Iranian, Iraqi Ayatollahs Vie for Control Over Iraqi Shi’ite Militias

US assassination of PMF leader leaves open a gap in power

Last month, the US assassinated Abu Mahdi al-Muhandis, the leader of the government-controlled Shi’ite militias in Iraq, the Popular Mobilization Forces (PMF). This has left open questions about who is running the PMF, and who is their primary ally.

Muhandis was assassinated alongside Iranian Gen. Qasem Suleimani. It was clear Iran was closer to the PMF at the time. This hugely impactful attack has everyone in Iraq doing soul-searching about the future, and many are looking to cut ties with foreign powers.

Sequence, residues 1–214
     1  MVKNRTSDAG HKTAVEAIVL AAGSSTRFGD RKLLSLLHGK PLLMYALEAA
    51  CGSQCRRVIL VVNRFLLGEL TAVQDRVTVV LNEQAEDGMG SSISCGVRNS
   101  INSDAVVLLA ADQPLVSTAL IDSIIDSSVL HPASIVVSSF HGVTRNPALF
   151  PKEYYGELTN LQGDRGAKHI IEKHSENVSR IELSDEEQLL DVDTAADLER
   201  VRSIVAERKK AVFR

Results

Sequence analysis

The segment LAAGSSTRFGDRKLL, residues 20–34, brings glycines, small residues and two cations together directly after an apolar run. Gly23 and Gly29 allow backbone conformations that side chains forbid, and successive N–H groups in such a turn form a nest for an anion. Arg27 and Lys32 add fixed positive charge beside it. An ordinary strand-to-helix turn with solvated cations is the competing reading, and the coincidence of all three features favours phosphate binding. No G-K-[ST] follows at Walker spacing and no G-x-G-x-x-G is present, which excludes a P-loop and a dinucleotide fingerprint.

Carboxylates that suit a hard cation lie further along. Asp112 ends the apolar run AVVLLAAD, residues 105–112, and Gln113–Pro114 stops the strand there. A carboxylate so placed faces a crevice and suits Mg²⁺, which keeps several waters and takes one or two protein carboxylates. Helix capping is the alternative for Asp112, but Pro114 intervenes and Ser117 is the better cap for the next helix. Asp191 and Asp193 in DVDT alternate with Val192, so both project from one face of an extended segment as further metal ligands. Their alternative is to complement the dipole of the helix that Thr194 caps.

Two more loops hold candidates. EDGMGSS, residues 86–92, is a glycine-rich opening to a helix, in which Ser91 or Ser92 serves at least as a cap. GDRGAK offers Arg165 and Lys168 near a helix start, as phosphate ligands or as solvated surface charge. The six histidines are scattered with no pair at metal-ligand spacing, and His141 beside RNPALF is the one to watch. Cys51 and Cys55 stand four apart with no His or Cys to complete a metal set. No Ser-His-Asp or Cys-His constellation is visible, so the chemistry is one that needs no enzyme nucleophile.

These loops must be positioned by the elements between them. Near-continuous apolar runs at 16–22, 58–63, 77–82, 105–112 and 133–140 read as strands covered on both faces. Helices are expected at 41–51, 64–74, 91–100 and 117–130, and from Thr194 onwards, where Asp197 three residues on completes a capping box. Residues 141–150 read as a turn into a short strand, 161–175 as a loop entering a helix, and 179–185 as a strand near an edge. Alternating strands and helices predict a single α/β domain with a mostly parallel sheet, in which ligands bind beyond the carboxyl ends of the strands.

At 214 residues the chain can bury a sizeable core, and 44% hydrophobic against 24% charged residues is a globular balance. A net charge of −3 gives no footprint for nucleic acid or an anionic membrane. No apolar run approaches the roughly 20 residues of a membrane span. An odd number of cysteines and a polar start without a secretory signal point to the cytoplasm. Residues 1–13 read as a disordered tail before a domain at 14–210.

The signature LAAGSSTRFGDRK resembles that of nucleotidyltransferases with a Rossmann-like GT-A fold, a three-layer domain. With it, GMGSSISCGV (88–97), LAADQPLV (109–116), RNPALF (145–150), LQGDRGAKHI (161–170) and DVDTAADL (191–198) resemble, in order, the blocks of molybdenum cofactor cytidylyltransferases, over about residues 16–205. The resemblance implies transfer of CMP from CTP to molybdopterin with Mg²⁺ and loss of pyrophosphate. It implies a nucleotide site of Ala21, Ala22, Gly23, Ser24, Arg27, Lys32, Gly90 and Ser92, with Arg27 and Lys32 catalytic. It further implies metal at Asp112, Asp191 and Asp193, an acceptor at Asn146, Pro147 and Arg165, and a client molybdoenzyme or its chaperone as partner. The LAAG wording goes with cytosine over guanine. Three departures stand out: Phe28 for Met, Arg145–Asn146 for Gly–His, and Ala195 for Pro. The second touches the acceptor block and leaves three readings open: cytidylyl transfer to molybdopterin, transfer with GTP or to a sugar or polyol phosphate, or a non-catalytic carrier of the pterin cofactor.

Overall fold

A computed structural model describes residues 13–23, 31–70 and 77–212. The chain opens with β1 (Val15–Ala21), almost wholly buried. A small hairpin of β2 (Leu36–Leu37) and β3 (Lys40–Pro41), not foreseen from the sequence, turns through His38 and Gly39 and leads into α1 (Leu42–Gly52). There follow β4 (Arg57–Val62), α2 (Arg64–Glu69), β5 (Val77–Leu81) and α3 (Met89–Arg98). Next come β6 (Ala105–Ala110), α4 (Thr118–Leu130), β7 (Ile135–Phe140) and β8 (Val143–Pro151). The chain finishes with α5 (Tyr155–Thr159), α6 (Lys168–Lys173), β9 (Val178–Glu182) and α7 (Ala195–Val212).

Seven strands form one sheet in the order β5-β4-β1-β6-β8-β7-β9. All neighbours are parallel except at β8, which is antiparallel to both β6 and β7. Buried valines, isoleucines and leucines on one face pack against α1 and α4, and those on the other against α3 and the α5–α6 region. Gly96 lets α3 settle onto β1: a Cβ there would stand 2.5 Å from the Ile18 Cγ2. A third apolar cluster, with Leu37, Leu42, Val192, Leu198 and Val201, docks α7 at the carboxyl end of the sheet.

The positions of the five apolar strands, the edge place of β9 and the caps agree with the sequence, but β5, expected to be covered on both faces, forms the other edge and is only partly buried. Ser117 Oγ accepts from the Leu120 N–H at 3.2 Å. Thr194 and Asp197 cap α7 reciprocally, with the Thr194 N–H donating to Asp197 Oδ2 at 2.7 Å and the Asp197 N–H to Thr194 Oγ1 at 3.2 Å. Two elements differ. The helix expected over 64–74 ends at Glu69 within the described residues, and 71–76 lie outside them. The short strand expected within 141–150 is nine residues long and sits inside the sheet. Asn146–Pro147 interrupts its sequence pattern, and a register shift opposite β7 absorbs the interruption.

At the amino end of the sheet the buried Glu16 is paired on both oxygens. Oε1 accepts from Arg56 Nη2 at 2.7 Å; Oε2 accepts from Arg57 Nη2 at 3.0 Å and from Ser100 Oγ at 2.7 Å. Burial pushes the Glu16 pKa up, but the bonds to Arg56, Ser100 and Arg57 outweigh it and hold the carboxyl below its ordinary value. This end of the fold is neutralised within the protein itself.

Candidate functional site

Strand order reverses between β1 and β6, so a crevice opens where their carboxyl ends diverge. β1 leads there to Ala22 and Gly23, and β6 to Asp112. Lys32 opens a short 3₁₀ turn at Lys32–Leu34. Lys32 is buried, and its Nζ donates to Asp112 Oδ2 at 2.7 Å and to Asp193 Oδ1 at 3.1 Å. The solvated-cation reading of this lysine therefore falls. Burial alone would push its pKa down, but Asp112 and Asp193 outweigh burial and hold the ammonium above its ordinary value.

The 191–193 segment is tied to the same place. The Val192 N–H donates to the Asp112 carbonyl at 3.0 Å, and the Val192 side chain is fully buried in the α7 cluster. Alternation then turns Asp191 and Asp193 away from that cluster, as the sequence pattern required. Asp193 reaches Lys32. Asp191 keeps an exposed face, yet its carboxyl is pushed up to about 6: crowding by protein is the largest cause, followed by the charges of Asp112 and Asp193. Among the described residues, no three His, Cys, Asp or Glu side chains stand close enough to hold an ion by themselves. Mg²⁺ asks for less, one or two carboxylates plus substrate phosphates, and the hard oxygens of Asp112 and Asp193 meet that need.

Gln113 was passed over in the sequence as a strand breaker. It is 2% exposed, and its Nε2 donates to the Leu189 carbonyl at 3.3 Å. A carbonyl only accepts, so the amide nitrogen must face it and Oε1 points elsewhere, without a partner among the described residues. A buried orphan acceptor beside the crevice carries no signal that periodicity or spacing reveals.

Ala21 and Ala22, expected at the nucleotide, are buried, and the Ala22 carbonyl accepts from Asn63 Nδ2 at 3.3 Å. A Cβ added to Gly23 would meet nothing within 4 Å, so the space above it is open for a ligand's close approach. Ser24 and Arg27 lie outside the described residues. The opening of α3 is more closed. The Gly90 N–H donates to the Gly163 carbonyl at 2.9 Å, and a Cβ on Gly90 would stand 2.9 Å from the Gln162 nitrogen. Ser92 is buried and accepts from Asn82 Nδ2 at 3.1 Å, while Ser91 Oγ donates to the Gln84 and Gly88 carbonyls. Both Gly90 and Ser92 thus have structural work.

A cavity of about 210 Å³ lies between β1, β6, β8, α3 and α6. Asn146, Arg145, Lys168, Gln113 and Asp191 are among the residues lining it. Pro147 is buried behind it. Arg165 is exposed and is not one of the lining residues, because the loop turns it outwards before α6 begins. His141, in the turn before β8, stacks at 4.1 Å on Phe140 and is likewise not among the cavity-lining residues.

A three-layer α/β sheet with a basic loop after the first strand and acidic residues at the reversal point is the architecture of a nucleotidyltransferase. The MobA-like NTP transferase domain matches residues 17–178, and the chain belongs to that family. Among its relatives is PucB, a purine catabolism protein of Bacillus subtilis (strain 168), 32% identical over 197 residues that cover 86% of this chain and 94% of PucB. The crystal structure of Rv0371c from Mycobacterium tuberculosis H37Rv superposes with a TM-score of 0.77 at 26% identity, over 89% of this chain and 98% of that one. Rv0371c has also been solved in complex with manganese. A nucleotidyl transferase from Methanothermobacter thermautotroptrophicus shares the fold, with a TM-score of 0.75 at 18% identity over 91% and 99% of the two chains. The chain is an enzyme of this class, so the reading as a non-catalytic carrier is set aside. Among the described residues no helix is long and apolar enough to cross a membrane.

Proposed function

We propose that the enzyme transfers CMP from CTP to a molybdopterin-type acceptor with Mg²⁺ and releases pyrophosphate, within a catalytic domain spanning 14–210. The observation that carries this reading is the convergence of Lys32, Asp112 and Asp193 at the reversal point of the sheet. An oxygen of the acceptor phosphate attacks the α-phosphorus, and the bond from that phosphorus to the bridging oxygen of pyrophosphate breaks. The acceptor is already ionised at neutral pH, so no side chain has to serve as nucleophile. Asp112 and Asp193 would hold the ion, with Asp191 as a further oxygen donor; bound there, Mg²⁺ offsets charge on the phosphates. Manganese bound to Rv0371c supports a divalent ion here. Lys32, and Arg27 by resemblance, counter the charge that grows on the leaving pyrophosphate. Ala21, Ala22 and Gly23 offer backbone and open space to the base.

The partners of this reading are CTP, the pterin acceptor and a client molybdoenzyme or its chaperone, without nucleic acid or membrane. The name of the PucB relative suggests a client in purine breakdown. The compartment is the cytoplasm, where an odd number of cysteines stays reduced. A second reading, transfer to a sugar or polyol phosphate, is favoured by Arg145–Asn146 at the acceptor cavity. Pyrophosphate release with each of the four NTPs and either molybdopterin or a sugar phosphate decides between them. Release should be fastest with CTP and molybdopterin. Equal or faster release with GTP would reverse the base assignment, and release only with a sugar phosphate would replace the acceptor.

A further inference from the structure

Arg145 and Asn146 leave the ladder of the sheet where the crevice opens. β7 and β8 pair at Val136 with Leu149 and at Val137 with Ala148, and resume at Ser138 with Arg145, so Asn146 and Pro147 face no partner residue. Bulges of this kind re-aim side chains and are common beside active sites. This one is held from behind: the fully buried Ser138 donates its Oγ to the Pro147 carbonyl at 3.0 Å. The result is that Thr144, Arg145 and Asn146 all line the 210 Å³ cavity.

PMF factions that were already primarily allied with Iraqi religious leaders, like Grand Ayatollah Ali Sistani, are arguing for more Iraqi autonomy, while Iran’s clergy are pushing for the PMF to be a Shi’ite force backing regional religious interests, not just Iraqis.

These two groups aren’t violently opposed to one another, and there probably is some middle ground that will ultimately be reached. In the meantime, however, there is ongoing effort to take the lead over the most militias.

Author: Jason Ditz

Jason Ditz is news editor of Antiwar.com.